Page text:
• Brittany
    January 1, 1970
    Do I enjoy raunchy humor? No. Do I think he is offensive? Yes. Do I agree with his views? Some of them.Do I think he should be censored? Absolutely not. And that, my friends, is the point.
  • Darcy
    January 1, 1970
    This author seems to be someone you either like or hate. I find him amusing despite being rude and crude. Whenever his books show up on my library's website I grab them, especially if they are in audio as he narrates them himself. This often leads to some funny times as often he goes off on tangents, cracking himself up. While I don't agree with a lot of what he says, sometimes I find myself nodding my head, going yes, other times I'm rolling my eyes, others I'm yelling out what the hell at what This author seems to be someone you either like or hate. I find him amusing despite being rude and crude. Whenever his books show up on my library's website I grab them, especially if they are in audio as he narrates them himself. This often leads to some funny times as often he goes off on tangents, cracking himself up. While I don't agree with a lot of what he says, sometimes I find myself nodding my head, going yes, other times I'm rolling my eyes, others I'm yelling out what the hell at what he's talking about, but I am entertained no matter what.
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  • Andrea
    January 1, 1970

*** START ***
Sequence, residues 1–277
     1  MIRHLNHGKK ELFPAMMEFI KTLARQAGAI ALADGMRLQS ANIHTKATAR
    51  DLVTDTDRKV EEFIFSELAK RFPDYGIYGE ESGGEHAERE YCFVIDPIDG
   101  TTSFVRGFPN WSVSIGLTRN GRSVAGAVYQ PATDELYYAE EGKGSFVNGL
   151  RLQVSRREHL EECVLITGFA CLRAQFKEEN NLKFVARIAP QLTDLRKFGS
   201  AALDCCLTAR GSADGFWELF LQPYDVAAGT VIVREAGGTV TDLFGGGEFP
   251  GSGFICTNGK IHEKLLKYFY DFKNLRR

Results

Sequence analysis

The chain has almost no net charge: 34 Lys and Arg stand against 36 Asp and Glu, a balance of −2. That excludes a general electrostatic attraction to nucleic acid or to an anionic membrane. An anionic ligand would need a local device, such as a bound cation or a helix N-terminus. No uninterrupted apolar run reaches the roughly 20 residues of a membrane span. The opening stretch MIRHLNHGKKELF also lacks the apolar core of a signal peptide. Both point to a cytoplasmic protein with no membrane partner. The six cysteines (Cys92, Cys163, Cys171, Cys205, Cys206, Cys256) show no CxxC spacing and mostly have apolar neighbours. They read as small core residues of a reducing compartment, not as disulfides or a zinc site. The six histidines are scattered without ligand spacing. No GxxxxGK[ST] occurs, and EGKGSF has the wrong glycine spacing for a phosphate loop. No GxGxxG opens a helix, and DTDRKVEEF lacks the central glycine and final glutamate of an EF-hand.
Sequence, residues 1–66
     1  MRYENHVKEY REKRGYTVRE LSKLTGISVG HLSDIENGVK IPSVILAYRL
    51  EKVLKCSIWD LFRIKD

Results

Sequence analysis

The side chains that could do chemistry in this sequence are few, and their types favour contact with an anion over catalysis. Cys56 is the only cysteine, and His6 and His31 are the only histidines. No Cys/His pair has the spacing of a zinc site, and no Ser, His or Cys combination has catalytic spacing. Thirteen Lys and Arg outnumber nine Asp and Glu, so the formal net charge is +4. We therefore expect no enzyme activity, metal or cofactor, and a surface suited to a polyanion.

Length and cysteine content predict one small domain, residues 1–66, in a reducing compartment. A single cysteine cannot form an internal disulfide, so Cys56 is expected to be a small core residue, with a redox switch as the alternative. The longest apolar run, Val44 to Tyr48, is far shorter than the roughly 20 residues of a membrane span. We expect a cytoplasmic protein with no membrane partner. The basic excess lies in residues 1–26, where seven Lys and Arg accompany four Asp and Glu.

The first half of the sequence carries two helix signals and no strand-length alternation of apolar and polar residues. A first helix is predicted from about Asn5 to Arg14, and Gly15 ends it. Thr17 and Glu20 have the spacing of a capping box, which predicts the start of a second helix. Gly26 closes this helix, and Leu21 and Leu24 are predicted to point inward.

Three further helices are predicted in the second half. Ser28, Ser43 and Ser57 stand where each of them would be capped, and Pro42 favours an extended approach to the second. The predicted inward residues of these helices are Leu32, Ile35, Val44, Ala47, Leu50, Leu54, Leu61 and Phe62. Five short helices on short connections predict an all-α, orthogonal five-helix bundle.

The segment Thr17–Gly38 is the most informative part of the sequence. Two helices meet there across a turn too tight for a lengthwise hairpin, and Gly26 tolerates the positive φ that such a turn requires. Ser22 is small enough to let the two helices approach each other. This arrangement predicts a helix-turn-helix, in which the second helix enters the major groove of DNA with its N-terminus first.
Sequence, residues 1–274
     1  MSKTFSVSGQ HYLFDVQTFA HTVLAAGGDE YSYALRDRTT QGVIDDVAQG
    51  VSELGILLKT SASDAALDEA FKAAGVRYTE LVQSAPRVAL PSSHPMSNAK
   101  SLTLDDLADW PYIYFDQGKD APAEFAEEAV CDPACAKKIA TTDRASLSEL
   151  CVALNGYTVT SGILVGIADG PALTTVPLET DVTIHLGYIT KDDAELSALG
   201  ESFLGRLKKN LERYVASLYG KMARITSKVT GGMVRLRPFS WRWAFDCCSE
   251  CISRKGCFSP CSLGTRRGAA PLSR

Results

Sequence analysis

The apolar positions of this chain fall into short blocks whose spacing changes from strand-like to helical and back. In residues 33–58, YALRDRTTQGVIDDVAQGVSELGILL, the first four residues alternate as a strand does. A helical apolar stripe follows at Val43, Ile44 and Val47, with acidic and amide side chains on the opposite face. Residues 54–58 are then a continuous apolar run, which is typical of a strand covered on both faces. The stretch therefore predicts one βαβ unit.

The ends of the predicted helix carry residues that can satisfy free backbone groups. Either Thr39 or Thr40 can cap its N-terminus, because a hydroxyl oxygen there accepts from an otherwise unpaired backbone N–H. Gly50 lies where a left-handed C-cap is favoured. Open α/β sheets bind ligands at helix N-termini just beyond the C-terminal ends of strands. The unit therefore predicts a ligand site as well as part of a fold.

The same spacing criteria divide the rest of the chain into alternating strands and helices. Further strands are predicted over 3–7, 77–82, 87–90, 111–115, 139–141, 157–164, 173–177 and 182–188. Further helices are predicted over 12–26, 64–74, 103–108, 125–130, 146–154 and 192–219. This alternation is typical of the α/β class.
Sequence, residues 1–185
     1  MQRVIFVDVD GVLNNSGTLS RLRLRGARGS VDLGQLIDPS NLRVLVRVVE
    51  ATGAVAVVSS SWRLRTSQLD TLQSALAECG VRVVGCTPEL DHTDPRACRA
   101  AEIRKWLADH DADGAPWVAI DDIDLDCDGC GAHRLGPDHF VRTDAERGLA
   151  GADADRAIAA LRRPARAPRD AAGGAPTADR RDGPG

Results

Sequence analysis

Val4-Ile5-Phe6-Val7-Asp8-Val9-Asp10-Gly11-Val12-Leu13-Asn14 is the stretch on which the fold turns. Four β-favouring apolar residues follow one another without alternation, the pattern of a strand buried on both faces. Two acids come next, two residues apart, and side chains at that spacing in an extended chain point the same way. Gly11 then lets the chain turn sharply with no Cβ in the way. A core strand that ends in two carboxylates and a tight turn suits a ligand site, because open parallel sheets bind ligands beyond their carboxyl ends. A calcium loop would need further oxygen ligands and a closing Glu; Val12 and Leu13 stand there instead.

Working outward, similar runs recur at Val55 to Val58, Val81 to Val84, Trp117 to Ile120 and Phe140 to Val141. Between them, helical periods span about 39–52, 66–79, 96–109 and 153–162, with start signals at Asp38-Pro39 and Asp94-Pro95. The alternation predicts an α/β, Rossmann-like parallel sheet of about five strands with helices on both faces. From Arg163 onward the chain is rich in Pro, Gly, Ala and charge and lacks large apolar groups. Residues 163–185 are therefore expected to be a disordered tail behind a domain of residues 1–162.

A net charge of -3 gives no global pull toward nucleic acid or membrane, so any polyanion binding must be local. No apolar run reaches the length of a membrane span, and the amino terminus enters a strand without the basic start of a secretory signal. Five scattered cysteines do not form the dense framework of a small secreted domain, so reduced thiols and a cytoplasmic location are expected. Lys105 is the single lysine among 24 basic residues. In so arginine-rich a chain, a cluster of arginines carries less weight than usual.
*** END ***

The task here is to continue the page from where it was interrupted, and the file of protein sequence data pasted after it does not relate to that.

This was so entertaining that I read it in one day. Couldn't put it down. I agreed with pretty much everything in here but didn't like the vulgarity at some points--not because I don't like cursing/hearing cursing, but because I felt like the cursing weakened some counterarguments by taking the text space of an actually valid, factual observation. I also learned quite a bit of specificities from this book that I was unaware of, for example, regarding language used in certain state orders thanks This was so entertaining that I read it in one day. Couldn't put it down. I agreed with pretty much everything in here but didn't like the vulgarity at some points--not because I don't like cursing/hearing cursing, but because I felt like the cursing weakened some counterarguments by taking the text space of an actually valid, factual observation. I also learned quite a bit of specificities from this book that I was unaware of, for example, regarding language used in certain state orders thanks to the whole "PC" trend. Adam Carolla is clearly a very smart man, and he's examined the status quo from various angles to form his own opinions and theories, like how he believes the "pussification" of society is partially attributed to the after-effects of WWII (i.e., deadbeat or distant fathers). Highly recommended, especially for leftist people to read with an OPEN MIND -- they could learn a lot and may re-evaluate some of their positions. The only parts I didn't like/skimmed over were those about comedians whose careers were attacked because of "rape" culture comments and also one about female actresses who wouldn't want to f-ck Adam, but only because I had no idea who most of those people were.